Sibayak’s fiery fumaroles are a staggering sight: hot and pungent and spewing out fluorescent yellow sulphur at random. They colour Sibayak’s barren, volcanic slopes and vent the beast that bubbles beneath the Sumatran hill station of Berastagi. On the other side of town, Sibayak’s wilder twin – Sinabung – has exploded annually since 2013, but Sibayak only simmers, and the stiff, three hour-long climb to the summit is perfect for selfguided adventurers.
Follow the foot trail that leads from the outskirts of town up Sibayak’s ever-steepening flanks, switchbacking beneath the long-tailed macaques that crash and call from the dense jungle canopy. Through a muddy tangle of roots and undergrowth, you’ll eventually top out above the treeline onto a rocky landscape full of the fiery fumaroles that vent nasty smelling sulphur and colour the slopes in vivid yellow pools.
Chase the steamy, swirling mist that rises to Sibayak’s 2,094metre summit to take in views of lush valleys and verdant, volcanic peaks beyond. On the return trip, follow the obvious, rocky trail that tumbles through bamboo forest down the other side of the mountain and stop to bathe at Semangat Gunung, the village of hot springs (5hr return).
The essentials: From Sumatra’s capital Medan, take a 90-minute bus ride to Berastagi and find a bed at one of the guesthouses on the main road. Visit from May to June or September to October.
It’s said that when children die in the mountain village of Moni, their spirits soar high towards Mount Kelimutu, settling in the warmest and bluest of the volcano’s sacred, tricoloured lakes.
4. TREK TAMAN NEGARA Peninsular Malaysia
On the summit of The Forbidden Mountain, a giant monkey stands guard over the magic stones of Gunung Tahan (2,187m), or so the Batek Orange Asli hunter-gatherers say, even though they don’t dare to venture there and find out. You can though, in an epic five-day trek that crunches 110 rugged kilometres up Peninsular Malaysia’s highest peak and back down again through some of the oldest rainforest in the world (older than both the Amazon and Congo).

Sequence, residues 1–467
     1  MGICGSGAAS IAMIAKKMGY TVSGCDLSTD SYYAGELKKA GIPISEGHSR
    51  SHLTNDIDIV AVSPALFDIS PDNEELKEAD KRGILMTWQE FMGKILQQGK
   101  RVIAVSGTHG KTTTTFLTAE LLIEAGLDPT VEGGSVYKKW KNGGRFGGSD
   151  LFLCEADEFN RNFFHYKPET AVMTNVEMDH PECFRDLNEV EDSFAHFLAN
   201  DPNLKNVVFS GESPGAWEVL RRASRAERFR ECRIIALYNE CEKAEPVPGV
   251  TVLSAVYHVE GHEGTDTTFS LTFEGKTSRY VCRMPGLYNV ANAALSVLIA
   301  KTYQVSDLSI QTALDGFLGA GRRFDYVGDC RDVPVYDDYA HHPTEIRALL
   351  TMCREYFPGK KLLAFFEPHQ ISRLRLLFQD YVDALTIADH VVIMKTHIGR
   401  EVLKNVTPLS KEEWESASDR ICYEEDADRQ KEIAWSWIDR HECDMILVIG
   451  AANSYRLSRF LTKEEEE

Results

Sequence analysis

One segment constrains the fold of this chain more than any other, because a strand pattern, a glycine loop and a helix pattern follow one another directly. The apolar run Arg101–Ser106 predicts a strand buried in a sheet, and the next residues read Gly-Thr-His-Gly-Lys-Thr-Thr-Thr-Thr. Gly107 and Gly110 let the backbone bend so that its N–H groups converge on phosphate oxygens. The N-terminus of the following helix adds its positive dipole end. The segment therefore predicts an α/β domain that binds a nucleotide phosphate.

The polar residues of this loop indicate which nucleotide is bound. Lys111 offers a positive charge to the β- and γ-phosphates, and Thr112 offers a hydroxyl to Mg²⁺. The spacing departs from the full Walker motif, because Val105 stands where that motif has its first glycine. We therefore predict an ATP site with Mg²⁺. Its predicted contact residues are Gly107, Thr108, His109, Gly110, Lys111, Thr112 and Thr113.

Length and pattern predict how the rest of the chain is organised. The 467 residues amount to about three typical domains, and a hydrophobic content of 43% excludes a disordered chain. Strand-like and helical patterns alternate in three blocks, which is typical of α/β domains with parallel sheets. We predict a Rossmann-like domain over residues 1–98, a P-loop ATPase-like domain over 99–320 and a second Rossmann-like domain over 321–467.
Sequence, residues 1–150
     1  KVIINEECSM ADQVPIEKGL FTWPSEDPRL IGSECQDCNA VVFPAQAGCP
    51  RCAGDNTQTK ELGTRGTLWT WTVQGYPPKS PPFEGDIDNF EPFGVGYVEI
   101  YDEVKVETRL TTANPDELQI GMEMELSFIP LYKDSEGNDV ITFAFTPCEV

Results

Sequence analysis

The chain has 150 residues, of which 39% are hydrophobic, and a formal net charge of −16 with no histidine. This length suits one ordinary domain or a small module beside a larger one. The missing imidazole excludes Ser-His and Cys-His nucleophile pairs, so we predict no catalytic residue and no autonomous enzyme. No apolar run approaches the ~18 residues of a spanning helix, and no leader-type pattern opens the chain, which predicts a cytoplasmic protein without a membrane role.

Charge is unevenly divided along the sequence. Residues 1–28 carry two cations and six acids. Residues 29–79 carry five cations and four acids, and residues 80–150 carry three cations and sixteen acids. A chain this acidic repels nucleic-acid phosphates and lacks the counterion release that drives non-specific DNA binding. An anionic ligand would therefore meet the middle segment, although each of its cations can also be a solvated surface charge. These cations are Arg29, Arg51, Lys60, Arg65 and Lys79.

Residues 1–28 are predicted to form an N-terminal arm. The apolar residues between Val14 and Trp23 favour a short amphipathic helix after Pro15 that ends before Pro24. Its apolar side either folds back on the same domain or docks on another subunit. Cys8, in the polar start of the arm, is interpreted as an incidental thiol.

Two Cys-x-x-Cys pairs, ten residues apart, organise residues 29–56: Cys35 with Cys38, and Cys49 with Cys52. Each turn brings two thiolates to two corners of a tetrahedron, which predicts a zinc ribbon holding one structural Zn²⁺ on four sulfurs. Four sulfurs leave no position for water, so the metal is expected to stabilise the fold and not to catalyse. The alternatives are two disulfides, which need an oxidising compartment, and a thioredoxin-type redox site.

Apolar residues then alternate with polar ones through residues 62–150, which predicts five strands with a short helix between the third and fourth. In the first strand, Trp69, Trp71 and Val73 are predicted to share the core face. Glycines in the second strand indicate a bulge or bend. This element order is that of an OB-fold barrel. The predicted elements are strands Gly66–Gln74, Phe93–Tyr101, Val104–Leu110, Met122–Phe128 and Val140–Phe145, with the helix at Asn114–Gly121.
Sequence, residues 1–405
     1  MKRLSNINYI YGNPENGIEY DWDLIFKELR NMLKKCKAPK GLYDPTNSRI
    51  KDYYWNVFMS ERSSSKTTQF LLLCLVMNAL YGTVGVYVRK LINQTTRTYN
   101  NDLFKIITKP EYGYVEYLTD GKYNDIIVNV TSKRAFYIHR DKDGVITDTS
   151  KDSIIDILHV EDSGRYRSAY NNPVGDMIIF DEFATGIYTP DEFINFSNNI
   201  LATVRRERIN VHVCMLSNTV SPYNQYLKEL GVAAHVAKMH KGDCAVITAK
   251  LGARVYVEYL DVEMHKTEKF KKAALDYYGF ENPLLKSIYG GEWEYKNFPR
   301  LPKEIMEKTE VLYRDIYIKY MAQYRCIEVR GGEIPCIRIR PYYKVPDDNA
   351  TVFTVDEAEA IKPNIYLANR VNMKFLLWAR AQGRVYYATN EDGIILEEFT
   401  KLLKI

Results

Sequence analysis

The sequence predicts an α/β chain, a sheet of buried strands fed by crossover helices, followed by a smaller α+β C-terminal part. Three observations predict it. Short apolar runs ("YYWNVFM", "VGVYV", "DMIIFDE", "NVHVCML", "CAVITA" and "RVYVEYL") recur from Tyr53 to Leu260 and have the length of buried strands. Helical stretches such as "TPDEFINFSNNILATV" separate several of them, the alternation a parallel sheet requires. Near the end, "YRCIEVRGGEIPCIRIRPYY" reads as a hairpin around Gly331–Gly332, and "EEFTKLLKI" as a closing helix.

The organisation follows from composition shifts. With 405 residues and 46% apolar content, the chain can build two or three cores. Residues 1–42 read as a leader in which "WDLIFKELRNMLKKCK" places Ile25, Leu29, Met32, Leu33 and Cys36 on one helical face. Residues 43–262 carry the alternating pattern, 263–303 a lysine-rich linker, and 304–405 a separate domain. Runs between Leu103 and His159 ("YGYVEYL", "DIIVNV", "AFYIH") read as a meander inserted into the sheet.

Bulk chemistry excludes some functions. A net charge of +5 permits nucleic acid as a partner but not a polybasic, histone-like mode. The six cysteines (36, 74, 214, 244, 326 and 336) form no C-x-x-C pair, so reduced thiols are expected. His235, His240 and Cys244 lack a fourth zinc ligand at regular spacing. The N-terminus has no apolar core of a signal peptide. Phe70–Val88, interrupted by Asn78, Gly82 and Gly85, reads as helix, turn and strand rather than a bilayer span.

There’s so much forest in fact, that spotting rare Malayan tigers, elephants and Sumatran rhinoceros is a tricky business, and only by spending a succession of sleepless nights in a rustic animal hide might you actually encounter one of the big three. Be warned though: trekking in Taman Negara is an unbearably balmy business and the sweat that poured off us on our most recent visit had us reaching for the rehydration salts, but the deeper you go, the more you’ll see.
Staying by the breezier riverside, the Rentis Tenor trail is a favourite, self-guided loop (4 days, 30km). Elsewhere in Taman Negara you can explore caves, shoot Lata Berkoh’s roaring rapids in a river sampan, and overnight in national park animal hides (we like Bumbun Kumbang) to spot tapir, mouse deer and wild boars too.
The essentials: Fly into Kuala Lumpur and travel 250km on to Kuala Tahan. Visit from May and August when the dry conditions deter leeches. For rustic hide stays, pack a sleeping bag, torch, drinking water and food. Don’t miss a sampan ride up Tembeling River (wonderfulmalaysia.com).
5. ENCOUNTER ORANGUTANS Gunung Leuser National Park, Sumatra